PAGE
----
Railroads use signals for traffic control. They give crews permission for track use.
One of the most interesting signal styles is the position light, first used on the Pennsylvania Railroad in 1915. Instead of one light signifying the signal aspect, three lights in changing rows were used. As originally used, all lights were yellow, but by 1959 were changed to red, yellow, and green, depending on the signal aspect. The position light signal uses vertical for "proceed" [or clear], an angle for "approach" [prepare to stop at next signal] and horizontal for "stop. " Secondary heads were used for upcoming signals or side tracks. This style of signal was based on rows of lights, which could still be read even if one of the bulbs was out. It also made reading the signal easier at speed or during inclement weather.
Only three railroads in the U.S. employed this style of signals, the Pennsylvania Railroad, Norfolk and Western, and Baltimore and Ohio. Today, their successors, Norfolk Southern Corporation and CSX, are replacing all position light signals with standard, modern vertical color lights.
The first color light signals were installed during the 1920s, incorporating the Automatic Block System (ABS) to regulate trains. ABS signals were only located on the main track between Richmond,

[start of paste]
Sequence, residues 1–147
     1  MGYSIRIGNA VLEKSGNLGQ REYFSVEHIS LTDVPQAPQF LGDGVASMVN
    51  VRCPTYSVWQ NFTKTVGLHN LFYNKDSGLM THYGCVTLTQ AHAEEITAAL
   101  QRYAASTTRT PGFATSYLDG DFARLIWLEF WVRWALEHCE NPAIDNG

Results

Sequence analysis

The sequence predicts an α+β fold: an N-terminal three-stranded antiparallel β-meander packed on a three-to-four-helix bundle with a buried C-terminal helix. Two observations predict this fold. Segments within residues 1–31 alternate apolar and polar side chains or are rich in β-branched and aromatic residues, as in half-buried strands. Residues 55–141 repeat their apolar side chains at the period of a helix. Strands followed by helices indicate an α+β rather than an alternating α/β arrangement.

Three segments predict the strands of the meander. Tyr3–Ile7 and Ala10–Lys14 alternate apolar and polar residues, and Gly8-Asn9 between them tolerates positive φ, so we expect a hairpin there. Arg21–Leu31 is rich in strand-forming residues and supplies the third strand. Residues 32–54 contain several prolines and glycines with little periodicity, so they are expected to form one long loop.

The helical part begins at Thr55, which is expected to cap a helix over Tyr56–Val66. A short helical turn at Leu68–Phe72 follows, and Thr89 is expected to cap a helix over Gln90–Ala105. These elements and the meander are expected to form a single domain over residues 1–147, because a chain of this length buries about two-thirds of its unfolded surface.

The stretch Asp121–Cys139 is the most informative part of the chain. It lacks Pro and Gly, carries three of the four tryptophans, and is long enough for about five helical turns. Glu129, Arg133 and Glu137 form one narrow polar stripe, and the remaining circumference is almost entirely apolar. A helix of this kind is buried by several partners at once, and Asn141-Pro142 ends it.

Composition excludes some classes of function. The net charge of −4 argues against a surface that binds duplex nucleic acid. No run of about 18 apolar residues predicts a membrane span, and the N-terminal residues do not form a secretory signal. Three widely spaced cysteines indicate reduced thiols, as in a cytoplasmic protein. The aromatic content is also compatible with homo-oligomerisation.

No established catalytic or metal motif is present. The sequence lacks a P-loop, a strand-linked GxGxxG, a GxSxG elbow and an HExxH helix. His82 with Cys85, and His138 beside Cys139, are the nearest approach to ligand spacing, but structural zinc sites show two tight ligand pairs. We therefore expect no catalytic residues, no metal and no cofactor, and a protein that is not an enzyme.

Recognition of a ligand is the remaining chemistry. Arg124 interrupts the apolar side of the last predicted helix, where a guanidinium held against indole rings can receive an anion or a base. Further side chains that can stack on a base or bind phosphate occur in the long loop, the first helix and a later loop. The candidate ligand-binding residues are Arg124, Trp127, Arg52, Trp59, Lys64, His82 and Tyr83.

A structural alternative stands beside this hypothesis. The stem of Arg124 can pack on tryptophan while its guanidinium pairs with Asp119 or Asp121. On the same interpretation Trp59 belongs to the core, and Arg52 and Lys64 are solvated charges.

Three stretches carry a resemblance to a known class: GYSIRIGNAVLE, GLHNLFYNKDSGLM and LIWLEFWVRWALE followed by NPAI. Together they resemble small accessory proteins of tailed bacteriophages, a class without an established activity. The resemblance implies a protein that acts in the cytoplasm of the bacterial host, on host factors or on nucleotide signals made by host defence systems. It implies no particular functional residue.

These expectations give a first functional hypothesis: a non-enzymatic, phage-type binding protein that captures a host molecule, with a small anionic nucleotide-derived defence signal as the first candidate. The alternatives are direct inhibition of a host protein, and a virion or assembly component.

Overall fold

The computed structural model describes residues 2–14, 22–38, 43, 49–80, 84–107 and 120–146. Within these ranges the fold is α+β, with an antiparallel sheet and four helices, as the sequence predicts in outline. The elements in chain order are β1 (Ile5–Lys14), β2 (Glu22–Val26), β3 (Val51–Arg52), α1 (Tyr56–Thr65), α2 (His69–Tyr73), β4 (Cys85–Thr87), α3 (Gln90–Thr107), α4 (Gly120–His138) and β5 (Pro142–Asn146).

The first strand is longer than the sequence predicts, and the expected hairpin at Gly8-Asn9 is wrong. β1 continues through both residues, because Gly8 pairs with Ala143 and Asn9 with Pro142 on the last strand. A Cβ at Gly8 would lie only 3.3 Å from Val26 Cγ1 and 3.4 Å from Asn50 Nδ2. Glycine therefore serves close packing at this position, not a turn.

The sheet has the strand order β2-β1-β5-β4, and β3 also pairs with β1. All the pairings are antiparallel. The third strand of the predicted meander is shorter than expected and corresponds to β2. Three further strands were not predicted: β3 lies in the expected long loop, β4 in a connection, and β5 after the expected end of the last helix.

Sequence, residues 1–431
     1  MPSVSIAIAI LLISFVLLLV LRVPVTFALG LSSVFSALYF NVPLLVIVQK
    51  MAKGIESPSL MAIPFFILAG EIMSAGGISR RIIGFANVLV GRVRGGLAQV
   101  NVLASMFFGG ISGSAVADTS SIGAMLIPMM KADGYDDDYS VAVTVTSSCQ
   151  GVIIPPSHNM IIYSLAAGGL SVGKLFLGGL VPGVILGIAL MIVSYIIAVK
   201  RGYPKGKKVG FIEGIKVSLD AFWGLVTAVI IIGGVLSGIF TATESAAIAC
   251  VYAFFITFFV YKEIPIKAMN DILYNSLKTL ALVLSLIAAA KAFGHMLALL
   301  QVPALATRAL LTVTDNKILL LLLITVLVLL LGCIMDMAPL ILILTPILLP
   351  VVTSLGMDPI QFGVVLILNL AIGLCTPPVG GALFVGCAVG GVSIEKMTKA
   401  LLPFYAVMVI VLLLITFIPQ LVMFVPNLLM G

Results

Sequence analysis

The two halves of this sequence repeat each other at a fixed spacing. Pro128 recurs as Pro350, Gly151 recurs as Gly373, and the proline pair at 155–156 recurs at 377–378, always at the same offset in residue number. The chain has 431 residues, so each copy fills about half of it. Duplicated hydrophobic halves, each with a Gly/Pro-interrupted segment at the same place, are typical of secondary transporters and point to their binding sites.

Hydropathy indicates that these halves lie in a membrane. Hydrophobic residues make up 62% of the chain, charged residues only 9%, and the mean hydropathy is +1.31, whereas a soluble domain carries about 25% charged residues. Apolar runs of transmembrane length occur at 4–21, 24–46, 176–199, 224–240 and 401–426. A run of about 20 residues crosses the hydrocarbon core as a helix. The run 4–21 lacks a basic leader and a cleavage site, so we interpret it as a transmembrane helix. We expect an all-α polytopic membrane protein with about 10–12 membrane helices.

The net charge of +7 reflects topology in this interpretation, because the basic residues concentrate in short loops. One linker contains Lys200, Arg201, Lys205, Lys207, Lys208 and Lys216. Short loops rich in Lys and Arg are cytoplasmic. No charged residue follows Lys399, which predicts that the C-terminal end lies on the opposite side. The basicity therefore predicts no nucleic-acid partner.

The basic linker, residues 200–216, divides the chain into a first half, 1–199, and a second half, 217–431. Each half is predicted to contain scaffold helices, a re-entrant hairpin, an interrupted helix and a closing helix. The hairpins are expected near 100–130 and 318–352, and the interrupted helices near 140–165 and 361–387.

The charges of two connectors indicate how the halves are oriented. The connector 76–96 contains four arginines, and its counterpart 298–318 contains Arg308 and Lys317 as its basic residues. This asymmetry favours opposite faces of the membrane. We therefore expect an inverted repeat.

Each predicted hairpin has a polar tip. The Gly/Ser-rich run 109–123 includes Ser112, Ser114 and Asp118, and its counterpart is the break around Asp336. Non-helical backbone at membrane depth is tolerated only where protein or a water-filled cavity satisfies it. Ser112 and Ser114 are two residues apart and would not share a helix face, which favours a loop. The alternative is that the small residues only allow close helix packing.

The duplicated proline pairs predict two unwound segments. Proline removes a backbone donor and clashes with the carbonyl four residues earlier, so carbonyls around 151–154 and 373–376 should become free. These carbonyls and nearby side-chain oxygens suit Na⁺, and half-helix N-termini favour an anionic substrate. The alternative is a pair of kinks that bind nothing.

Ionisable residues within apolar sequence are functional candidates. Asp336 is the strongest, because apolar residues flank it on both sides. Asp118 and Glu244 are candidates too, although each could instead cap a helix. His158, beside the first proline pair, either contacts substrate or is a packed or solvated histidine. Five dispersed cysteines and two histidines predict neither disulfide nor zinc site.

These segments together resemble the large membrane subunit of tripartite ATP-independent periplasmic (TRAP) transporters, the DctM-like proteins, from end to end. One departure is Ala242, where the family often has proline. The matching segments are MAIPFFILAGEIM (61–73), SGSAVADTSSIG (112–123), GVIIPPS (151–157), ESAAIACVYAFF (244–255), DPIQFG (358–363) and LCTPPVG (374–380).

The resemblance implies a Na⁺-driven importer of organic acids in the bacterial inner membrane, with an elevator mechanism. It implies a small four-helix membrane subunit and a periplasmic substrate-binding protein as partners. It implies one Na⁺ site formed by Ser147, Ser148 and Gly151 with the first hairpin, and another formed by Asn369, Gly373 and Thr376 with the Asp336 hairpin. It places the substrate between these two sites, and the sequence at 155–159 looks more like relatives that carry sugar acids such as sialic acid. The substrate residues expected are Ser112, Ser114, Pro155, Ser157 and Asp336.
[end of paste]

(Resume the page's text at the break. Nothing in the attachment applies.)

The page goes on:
Va. and Hamlet, N.C. As a train passed a signal, it would automatically change from green to red, signifying the block of track was occupied. As the train left the block, the signal would change from red to yellow, then back to green. Centralized Traffic Control, or OTC, was installed over the Seaboard main lines during the 1940s, and completely changed how trains operated. Instead of ABS signals, train dispatchers could view all main and side tracks for a particular section on panels. They lights to show the location of trains as they moved along their route. Using radio, dispatchers would allow trains to operate between two locations and could change direction of track switches by moving a lever from hundreds of miles away. Seaboard became one of the most advanced railroads due to CTC, which eventually controlled over 1 , 700 miles of track.
This signal mast has two different heads and would have been placed near a switch for a passing siding or spur track. The, upper three light head controlled the main line, with the lower controlling access to the siding.
This exhibit was made through the generous support of the North American Railway Foundation (NARF)